Restaurateur Richard Scot Forste explains why a hot dog is not a sandwich



Scot Forste is every bit as mischievous as the gaze he’s hiding behind that Stormtrooper mug. COURTESY PHOTO

Scot Forste is every bit as mischievous as the gaze he’s hiding behind that Stormtrooper mug. COURTESY PHOTO

Richard Scot Forste is the co-owner of one of Eaton Street’s newest additions but long time island eats favorite, The Flaming Buoy Filet Co. Armed with his wit, new digs, striking Eric Anfinson art and Star Wars memorabilia, Scot talks paper straw alternatives, splitting restaurant responsibilities with partner Fred Isch and the magic of being closer to Duval.

Kevin Assam: Are hard individual pasta noodles better alternatives to paper straws?

Richard Scot Forste: Did you know, according to me, there are more than one type of pasta worldwide? Curiously, all but one end in a vowel. Unless you suffer from celiac disease, in which case, pasta ends with something else. (Insert bad “vowel movement” joke here.) My point is, this could be a very long, if not tedious, answer. I will, however, spare your readers a rather thorough and well considered response and simply suggest glass to mouth as an adventurous alternative.

Scot and his partner, Fred Isch. COURTESY PHOTOS

Scot and his partner, Fred Isch. COURTESY PHOTOS

KA: Was Julia Child or the works of Sigmund Freud more influential on your earliest culinary creations?

RSF: I’d have to say Freud. I was exposed to Freud at a very Jung age and it involved not time travel, but astral projection. Quid pro quo, Clarice. You will let me know when those lambs stop screaming, won’t you?

KA: Did your dark humor hinder your chances of becoming involved with the military as a young adult?

RSF: No. I’m proud to confess I’ve been involved actively with all branches of the military on numerous occasions.

KA: Is a hot dog considered a sandwich?

RSF: During my years riding the rails with a traveling circus, entertaining Okies, and occasionally grifting the simple folk of the plains out of corn cob teeth during the Dust Bowl, I frequently stole foods and racist jokes from a hobo named Boxcar BJ. Never did I hear him yell, “Hey, that boy stole my sandwich!” when I absconded with a hot dog on a bun. “That boy stole my hot dog!” he’d holler. And sometimes, “Wait! What? You’re how old?” Never “sandwich.” That’s science. The kind you can only get in the school of life.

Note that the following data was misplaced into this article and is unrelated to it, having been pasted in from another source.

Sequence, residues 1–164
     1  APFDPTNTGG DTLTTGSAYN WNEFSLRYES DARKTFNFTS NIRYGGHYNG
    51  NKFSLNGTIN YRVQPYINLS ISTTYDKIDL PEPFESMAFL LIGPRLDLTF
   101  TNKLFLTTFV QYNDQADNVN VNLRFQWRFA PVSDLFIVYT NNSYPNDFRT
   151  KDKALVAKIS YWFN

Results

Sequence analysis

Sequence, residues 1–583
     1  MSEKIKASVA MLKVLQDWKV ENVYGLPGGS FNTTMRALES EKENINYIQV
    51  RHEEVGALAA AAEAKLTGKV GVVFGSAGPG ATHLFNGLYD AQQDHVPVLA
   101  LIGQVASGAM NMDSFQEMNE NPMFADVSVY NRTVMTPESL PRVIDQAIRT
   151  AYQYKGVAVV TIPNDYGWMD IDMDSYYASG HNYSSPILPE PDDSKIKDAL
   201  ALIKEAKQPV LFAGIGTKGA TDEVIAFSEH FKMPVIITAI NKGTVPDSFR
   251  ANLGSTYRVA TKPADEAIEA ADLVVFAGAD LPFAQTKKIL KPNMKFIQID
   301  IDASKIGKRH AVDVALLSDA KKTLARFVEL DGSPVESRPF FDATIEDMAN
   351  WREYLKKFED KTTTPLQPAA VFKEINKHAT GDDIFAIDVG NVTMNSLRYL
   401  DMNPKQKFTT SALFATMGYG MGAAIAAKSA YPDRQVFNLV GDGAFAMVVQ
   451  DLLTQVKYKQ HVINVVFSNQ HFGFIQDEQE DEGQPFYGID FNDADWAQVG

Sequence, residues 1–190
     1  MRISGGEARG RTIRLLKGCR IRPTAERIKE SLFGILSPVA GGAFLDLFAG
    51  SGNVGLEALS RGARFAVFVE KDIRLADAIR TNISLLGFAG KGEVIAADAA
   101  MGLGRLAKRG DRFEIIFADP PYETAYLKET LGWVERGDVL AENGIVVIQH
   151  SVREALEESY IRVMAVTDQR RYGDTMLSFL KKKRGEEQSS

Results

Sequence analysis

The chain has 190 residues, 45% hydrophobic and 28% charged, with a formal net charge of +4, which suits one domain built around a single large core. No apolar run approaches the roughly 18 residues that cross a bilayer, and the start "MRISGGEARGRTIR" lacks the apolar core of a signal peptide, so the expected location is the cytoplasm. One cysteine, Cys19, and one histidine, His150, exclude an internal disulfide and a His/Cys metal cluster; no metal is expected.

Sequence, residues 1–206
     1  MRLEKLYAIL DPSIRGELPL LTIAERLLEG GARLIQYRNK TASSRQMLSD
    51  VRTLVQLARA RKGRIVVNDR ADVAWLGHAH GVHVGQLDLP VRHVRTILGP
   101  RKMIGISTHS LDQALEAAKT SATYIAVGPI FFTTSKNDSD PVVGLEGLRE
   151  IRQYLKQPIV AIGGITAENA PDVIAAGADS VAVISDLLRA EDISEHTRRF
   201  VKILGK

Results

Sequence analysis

Scot and Fred pose in front of their restaurant, the Flaming Buoy Filet Co.

Scot and Fred pose in front of their restaurant, the Flaming Buoy Filet Co.

KA: What did your parents do professionally?

RSF: My mom is a recently retired teacher of learning disabled and behavioral disorder children. My dad, a geologist.

KA: Did you ever fixate on how much the inside of a geode looked like crystalized sugar?

RSF: Geodes were magical to me. My favorites were the ones that were never cracked open. They were dragon eggs waiting to hatch.

KA: Were your parents believers in having dinner together every night?

RSF: We very nearly ate dinner together every night. No TV. But, like a lot of kids during the ’80s, there was a time my brother and I ate at our leisure. It was during this time that I learned to cook.

KA: What was your first successfully prepared meal?

RSF: I don’t remember my first, but I remember my favorite: BBQ ribs. The recipe was my grandmother’s. I would call her on the phone after school and she would walk me through the directions.

KA: How did Key West get on your radar? Did the queers have anything to do with it?

RSF: My straight friendly best friend from Cincinnati used to visit Key West. One year he left for vacation and never came back. Naturally, I got to visit. (Pause.) I just realized that answer sounds like my friend disappeared while in Florida. I want to be clear. It’s true. KA: Where was he found? RSF: Atlantic Shores.

KA: Was that where you found your husband, Fred?

RSF: No. I’ve known Fred for almost 30 years. We met in Cincinnati and moved together to Key West. I did find a lot of other husbands at Atlantic Shores, however.

KA: How did the concept for The Flaming Buoy Filet Co. arise? Can you clear up the pronunciation of “Buoy?”